The ink is barely dry on the financial overhaul bill and already some lawmakers and interest groups are looking at ways to tweak it.
Rep. Michele Bachmann (R-Minn.) has introduced a bill to repeal the measure, and it has attracted seven co-sponsors, all fellow Republicans.
While the Republican-controlled House isn't likely to repeal the bill-and if it did the Democratic-controlled Senate would almost certainly defeat the effort-House Republicans have talked about modifying certain parts of the law. The Dodd-Frank regulatory overhaul was passed last year mostly along party lines, with almost all Democrats supporting it and almost all Republicans opposing it.
On top of many wish lists is interchange. Specifically, the provision in the bill that mandates that the Federal Reserve cap interchange fees.
House Financial Services Committee Chairman Spencer Bachus (R-Ala.) has scheduled a Feb. 17 hearing on the issue and on the proposed Fed rule.
Bachus has said he wants to examine all parts of the financial overhaul, especially those that could negatively impact job growth.
CUNA and NAFCU have made the issue their top priority during the early part of this session of Congress.
"The glaring issue that needs to be addressed in the Dodd-Frank bill is the unworkable and onerous provision on interchange-and that's where we are placing all of our focus, in terms of corrections, as we know our members want it to be. The bottom line is that credit union members will end up footing the bill, with the greatest impact being on those least able to pay," said CUNA Senior Vice President John Magill.
In a letter to lawmakers, NAFCU President/CEO Fred Becker said the interchange provision was "hastily included" and will have a "damaging impact on credit unions and other small financial institutions."
The interchange provision was first added during the Senate debate on the bill when that chamber adopted an amendment by Senate Majority Whip Richard Durbin (D-Ill.).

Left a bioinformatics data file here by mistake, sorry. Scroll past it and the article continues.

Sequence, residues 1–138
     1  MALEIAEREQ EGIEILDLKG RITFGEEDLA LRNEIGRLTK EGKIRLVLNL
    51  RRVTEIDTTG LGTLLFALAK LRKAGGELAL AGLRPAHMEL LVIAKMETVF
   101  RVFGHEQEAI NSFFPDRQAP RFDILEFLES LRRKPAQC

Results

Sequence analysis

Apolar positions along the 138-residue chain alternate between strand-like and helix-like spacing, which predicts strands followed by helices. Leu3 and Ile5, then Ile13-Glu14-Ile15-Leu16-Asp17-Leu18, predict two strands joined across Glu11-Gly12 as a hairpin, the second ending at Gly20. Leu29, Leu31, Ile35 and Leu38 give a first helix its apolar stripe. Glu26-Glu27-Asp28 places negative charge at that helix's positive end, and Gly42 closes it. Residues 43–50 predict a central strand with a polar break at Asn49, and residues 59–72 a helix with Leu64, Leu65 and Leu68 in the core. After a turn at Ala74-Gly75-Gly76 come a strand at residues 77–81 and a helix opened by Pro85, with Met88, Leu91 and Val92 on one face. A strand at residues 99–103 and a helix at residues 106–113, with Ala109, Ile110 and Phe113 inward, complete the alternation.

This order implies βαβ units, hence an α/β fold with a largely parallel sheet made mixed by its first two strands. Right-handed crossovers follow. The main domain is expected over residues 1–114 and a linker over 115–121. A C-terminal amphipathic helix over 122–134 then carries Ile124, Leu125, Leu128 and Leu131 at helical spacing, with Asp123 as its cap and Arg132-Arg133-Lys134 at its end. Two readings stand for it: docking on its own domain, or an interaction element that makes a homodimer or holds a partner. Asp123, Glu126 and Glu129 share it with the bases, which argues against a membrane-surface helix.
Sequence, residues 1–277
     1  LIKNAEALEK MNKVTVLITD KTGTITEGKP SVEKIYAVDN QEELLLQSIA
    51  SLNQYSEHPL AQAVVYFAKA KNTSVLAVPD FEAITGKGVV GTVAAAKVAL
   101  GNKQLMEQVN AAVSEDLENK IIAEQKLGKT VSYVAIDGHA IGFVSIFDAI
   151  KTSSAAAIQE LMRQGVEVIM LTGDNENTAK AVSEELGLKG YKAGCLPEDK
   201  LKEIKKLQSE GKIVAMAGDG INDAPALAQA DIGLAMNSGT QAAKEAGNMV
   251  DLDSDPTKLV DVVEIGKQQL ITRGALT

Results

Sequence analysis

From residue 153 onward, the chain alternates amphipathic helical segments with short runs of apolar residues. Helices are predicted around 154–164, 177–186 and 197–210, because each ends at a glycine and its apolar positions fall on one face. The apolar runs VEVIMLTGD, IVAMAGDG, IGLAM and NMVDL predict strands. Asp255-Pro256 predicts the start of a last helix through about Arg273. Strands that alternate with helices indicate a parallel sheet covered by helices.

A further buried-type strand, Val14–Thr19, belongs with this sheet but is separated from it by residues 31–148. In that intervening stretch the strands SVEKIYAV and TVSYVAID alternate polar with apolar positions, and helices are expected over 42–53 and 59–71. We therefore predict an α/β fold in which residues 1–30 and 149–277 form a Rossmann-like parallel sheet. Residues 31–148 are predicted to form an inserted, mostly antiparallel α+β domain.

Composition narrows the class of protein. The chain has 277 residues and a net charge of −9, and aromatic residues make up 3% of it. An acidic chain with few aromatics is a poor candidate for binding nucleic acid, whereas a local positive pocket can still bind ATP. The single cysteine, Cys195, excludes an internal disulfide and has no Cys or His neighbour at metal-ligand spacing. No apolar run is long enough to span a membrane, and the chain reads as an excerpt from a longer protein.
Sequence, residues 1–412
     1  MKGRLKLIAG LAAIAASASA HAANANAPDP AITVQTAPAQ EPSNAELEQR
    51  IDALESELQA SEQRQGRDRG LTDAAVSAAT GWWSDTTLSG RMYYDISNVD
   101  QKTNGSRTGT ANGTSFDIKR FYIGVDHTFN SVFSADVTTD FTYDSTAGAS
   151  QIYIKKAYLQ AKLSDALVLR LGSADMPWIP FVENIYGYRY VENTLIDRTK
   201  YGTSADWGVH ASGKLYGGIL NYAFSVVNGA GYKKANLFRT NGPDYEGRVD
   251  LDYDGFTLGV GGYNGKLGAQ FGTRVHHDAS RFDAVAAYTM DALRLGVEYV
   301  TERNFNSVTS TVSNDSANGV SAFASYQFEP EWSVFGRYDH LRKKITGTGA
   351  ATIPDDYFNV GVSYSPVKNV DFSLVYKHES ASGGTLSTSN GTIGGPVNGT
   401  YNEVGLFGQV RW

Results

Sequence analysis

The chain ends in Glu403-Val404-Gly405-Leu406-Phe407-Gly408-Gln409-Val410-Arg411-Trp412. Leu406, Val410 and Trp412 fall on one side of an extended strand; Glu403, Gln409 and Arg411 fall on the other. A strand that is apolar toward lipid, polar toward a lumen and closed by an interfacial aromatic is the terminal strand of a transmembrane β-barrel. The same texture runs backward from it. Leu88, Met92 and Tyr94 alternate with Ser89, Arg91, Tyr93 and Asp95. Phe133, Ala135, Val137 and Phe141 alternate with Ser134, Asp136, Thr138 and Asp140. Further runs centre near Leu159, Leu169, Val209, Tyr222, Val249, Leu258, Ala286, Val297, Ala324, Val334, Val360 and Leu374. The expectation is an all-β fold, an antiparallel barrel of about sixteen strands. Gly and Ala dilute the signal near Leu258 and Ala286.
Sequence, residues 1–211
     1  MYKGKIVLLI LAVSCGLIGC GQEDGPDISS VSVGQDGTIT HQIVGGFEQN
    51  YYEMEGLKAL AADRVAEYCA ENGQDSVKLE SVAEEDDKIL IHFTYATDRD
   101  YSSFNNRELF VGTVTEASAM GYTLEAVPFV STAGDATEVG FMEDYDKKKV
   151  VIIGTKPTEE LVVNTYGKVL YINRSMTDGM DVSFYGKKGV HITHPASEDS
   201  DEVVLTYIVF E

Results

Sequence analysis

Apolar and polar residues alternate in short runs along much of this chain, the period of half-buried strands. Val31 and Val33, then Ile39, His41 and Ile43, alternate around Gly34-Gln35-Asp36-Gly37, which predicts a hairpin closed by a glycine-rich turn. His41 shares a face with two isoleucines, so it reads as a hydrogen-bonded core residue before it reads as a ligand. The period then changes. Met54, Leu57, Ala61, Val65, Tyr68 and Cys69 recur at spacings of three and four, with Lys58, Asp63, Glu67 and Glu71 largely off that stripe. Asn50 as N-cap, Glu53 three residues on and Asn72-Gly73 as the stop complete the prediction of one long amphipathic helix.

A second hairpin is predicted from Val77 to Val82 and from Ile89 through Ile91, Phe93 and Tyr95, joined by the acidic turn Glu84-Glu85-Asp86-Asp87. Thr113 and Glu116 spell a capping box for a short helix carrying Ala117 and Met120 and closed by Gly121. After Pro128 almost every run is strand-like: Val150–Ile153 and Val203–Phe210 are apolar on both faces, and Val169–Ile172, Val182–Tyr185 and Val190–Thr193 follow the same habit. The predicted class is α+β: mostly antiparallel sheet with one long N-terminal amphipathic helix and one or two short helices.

After the legislation was enacted, the Fed proposed a rule that would cap card interchange at no more than 12 cents per transaction. According to the proposed rule, the allowable costs for interchange would be limited to no more than the issuer's allowable costs divided by the number of electronic debit transactions on which the issuer received or charged an interchange transaction fee in the calendar year. Or the issuer could receive debit interchange capped at 12 cents per transaction.
Comments on the Fed's proposed rule are due Feb. 22, and the rule must be approved by April 21 and in effect by July 21.
Rep. Barney Frank (D-Mass.) has said he will work with the GOP on minimizing the impact of an interchange cap. However, even if the House does pass something, it's less clear that the Senate would follow suit even though Banking Committee Chairman Tim Johnson (D-S.D.) voted against the Durbin amendment.
Another key part of the financial overhaul bill is the Bureau of Consumer Financial Protection, which is scheduled to begin operating this July. Lawmakers are vowing close oversight of the bureau.
NAFCU's Becker has urged lawmakers to index monetary thresholds in the measure for inflation. For example, the bureau only has the power to be the primary examiner of financial institutions with assets of $10 billion or more, including three credit unions. Becker said that without indexing "more institutions will find themselves crossing this arbitrary line and becoming subject to new and unintended requirements."
Becker also asked lawmakers to clarify the bureau's power to pre-empt consumer protection rules issued by the NCUA.
Credit unions and other financial institutions received a small bit of good news when on Feb. 1, the Fed decided to let the new consumer financial agency issue final rules on three aspects of mortgage disclosure law under the Truth in Lending Act.
The proposed rule issued by the Fed dealt with what disclosures lenders must make to consumers on the right to rescind certain loans and on disclosures concerning reverse mortgages. They dealt with Regulation Z, the regulatory statute implementing the Truth in Lending Act.
The Consumer Financial Protection Bureau will be responsible for issuing rules regarding truth in lending and the Real Estate Settlement and Procedures Act. The financial overhaul bill mandated that within 18 months of its existence, the bureau must issue proposed rules to combine TILA and RESPA disclosures.